If I would ask you what you see in the picture above, some of you might see a leaf, a fossil leaf that fell from its tree 50 millions years ago. You might recognize a leaf blade in the central part, and around it the symmetric veins that branch toward the relatively well defined margin. Let’s compare it to a typical leaf morphology: Analogies are quite evident! Other people might relate such a symmetrical structure to a lake where the central line corresponds to the water surface. The upper part is reflecting on the lake surface which gives the effect of symmetry.
However, looking carefully at figure 1, it can be noticed that the intriguing structure is not as symmetric as it seems and that it is relatively irregular. Figure 2 shows a fossil leaf of fern from the fossils collection at the Natuurhistorisch museum, Maastricht. The structure in figure 1 is clearly different from this fossil leaf. A striking feature is the relief, which might be challenging to recognize in figure 2. The “curious structure” in figure 1, indeed, is not a fossil leaf. Two different colours can be identified, from red-brown to white. The brownish material is in addition characterized by a lower relief compared to the whitish layers.
But then, what is this structure?
It is an olivine crystal, the most abundant constituent of the Earth’s upper mantle. Nonetheless, this is not its most usual form. This particular crystal was formed at disequilibrium conditions. Hmm, “disequilibrium”.. Let’s see what we mean with this word… Certain conditions such as temperature, pressure, chemical composition etc. control the crystal growth. Often, when these conditions (i.e. pressure and temperature) are favourable for the development of a well-formed geometry, olivine crystallizes from melt as rounded and rectangular crystals (figure 3). A pointed top and easily recognizable faces (the relatively flat surfaces by which a crystal is bound) are formed, like for the blue crystals in figure 3. However, sometimes temperature conditions may vary during crystallization. This then changes the velocity at which crystals grow. In order to have an idea of crystallization velocities (measured as temperature (in °C) per time (in hours)), a well-formed crystal can occur when the temperature decrease ranges between 2 and 50 °C/h.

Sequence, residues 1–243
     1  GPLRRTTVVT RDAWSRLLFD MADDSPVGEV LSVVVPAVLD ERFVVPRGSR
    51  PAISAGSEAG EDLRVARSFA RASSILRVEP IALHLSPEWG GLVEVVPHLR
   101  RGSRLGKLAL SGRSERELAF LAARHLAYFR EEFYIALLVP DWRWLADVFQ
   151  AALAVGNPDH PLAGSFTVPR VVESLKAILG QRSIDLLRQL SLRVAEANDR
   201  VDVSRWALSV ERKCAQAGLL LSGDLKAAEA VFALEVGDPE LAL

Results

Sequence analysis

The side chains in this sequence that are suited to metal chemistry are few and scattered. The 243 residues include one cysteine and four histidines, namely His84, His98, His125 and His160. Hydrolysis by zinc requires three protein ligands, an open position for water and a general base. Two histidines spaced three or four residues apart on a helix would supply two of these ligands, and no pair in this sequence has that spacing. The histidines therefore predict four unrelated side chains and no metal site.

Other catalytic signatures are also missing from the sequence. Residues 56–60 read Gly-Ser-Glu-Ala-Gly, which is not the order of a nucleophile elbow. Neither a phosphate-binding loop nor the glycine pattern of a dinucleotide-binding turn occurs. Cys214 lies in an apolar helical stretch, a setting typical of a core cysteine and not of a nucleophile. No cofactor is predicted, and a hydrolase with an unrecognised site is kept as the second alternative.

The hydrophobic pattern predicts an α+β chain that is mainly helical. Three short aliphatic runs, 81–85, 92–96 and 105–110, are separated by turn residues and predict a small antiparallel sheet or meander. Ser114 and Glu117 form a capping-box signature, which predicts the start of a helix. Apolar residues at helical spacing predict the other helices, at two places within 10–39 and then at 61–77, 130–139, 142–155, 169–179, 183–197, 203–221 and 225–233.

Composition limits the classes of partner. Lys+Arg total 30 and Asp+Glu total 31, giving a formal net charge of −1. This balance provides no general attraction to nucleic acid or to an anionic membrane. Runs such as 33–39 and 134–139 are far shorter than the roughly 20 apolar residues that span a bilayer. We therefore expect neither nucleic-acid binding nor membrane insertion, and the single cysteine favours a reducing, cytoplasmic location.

Conversely, melt crystallizing in a magma chamber can reach crystallization rates of 2000°C/h, when the temperature of the melt is much higher than the temperature of the rock surrounding it. These conditions are defined as disequilibrium conditions, related also to the significant difference in chemical composition between melt and rock. Time is too short for the melt to equilibrate with it. The rapid growth of olivine crystals in such systems results in the missing development of certain structural component such as faces of the crystal. This is well illustrated in figure 4: olivine crystals show concentric empty terraces where crystal faces should have formed. At crystallization velocities higher than 100-200°C/h olivine crystals grow as elongated and branching structures as the one in figure 1. These olivine crystal forms are called harrisitic or skeletal and can reach large dimension, with crystals as long as one meter, as described in the Rum Igneous Centre (Scotland).
Back to the “curious structure” (figure 1): the brown material is olivine that is now altered since its air and rain exposure, whereas white is plagioclase. We learned here that we should further investigate any structure we observe for the first time and should not stop at our first impression. This is one of the reasons why our research as geologists, and more in general scientists, is so important.
More informations on mineral formations can be found here.
I leave you with this last image (figure 5): is this an olivine, or is this a leaf? Or anything else?
Please leave a comment if you wish!